Digital workflow is a fancy term that describes the sequence of things you do between the time you take a photo and when you file it away for some future project. The right workflow can be important, because you'll get better results by using certain tools and filters in the right order. Take your program's automatic color adjustment, for example: If you run it before you crop your photo, the program will try to autocorrect unwanted parts of the photo that might be under- or over-exposed. Crop the photo first, and the software can concentrate just on the parts of the photo that are important to you. Last week we started a discussion of the ideal digital workflow; this week, let's pick up where we left off.
5. Adjust the Brightness, Contrast, and Color
Now that the photo is scoped down to the composition that you intended, let's fix the brightness and contrast. The best way to do this is generally by using Levels and Curves, or the Histogram Adjustment tool, depending upon what photo editor you use. If you have Adobe Photoshop Elements, for example, you can use the Curves tool. In Corel Paint Shop Pro, the Histogram gives you an easy way to do the same sort of thing.
When the overall levels are about right, you can now fix the colors. That's hard to do if the image is too bright or too dark, as that can often mask the image's true colors. Often, all you really need to do at this point is fix the white balance by dragging the white balance slider, or using the white balance eyedropper tool to pick a part of the photo that should be white or neutral gray. In Photoshop Elements, choose Enhance, Adjust Color, Remove Color Cast to get to the eyedropper, and then follow the on-screen instructions.
When the colors look about right, I'll sometimes return to the brightness and contrast adjustments and tweak the settings one more time until I think they look just about perfect.
6. Make Some Local Improvements
At this point, you might consider your photo finished and just save your work. But check out your photo: Is there anything you'd like to get rid of? You might want to surgically remove a tourist from the background of a vacation photo, for example, or edit out a blemish from someone's face. Now is the right time to grab the Healing Brush or Clone Tool and remove those unwanted elements. To get a primer on how to do that, check out "Clone Away Your Problems."
7. Turn Down the Noise
When everything else is done, your last editing task is to run a little noise reduction on your photo. This is especially important if you shot it at a high ISO or in a very-low-light situation. (If you have an average, low-ISO, daylight photo, you can skip this step.) You can apply any noise reduction filter that comes with your photo editor, or call on a standalone noise reduction program like Noise Ninja. Read "Reduce Digital Noise in Your Photos" for details.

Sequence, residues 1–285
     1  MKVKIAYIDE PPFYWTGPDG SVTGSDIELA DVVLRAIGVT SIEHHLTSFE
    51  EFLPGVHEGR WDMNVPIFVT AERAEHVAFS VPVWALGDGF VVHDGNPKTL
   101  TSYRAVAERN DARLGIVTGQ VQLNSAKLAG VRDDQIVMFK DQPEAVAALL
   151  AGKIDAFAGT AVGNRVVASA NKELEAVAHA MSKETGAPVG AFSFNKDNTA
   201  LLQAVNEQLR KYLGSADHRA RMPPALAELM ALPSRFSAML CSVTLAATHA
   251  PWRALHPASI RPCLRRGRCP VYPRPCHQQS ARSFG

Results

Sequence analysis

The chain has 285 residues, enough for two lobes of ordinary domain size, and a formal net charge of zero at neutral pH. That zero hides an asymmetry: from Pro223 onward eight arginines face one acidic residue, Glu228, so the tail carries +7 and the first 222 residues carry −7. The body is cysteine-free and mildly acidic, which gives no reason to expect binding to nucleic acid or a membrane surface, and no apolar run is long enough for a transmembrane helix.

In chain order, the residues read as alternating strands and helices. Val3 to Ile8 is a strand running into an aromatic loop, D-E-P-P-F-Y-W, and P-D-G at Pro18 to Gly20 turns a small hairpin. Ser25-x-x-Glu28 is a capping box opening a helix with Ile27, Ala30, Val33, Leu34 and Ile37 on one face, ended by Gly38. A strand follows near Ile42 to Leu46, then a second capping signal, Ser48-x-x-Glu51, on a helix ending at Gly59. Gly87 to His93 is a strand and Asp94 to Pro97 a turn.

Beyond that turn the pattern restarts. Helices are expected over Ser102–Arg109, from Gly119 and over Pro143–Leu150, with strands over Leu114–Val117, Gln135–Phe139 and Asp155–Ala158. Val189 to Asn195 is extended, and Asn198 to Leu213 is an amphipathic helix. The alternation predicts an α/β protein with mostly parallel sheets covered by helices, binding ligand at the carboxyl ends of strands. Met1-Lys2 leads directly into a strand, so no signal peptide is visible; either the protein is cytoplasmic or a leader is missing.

8. Save Your Photo
At long last, it's time to save your photo. I generally recommend saving your final version as a JPEG at the highest image quality (lowest JPEG compression level). If you want your final image to be absolutely lossless--for example, you're printing it to mount in a museum gallery or you're giving a copy to the president--save it as a TIFF. For most of us, though, a high-quality JPEG is fine.
Hot Pic of the Week
Get published, get famous! Each week, we select our favorite reader-submitted photo based on creativity, originality, and technique.
Here's how to enter: Send us your photograph in JPEG format, at a resolution no higher than 800 by 600 pixels. Entries at higher resolutions will be immediately disqualified. If necessary, use an image editing program to reduce the file size of your image before e-mailing it to us. Include the title of your photo along with a short description and how you photographed it. Don't forget to send your name, e-mail address, and postal address. Before entering, please read the full description of the contest rules and regulations.
This week's Hot Pic: "Biker Bachelorette" by Myka Forrest, Cedar Rapids, Iowa
Myka writes: "A group of us I were walking around downtown Des Moines during my sister Dana's bachelorette party. A bunch of older men standing next to their parked motorcycles insisted that the lady of honor sit on one of their BMW motorcycles. I snapped this photo, capturing the memorable moment. I took the shot on my Canon PowerShot s90 with the aperture wide open and the ISO cranked up to capture the details of the night. I added some contrast during post-processing."
This week's runner-up: "Lost Man Formation" by Miguel Lanigan, Clearlake Oaks, California
Miguel writes: "I got up before dawn to see the Reno balloon races. I took this photo to capture a scene in which I saw a flight of five planes heading for a pasture where balloons were being inflated with hot air. I lined up these three balloons, lit by the rising sun, and the planes flying a "lost-man formation" to get that strong implied diagonal in the image."
This story, "Establish a Digital Photo Editing Process That Works" was originally published by PCWorld.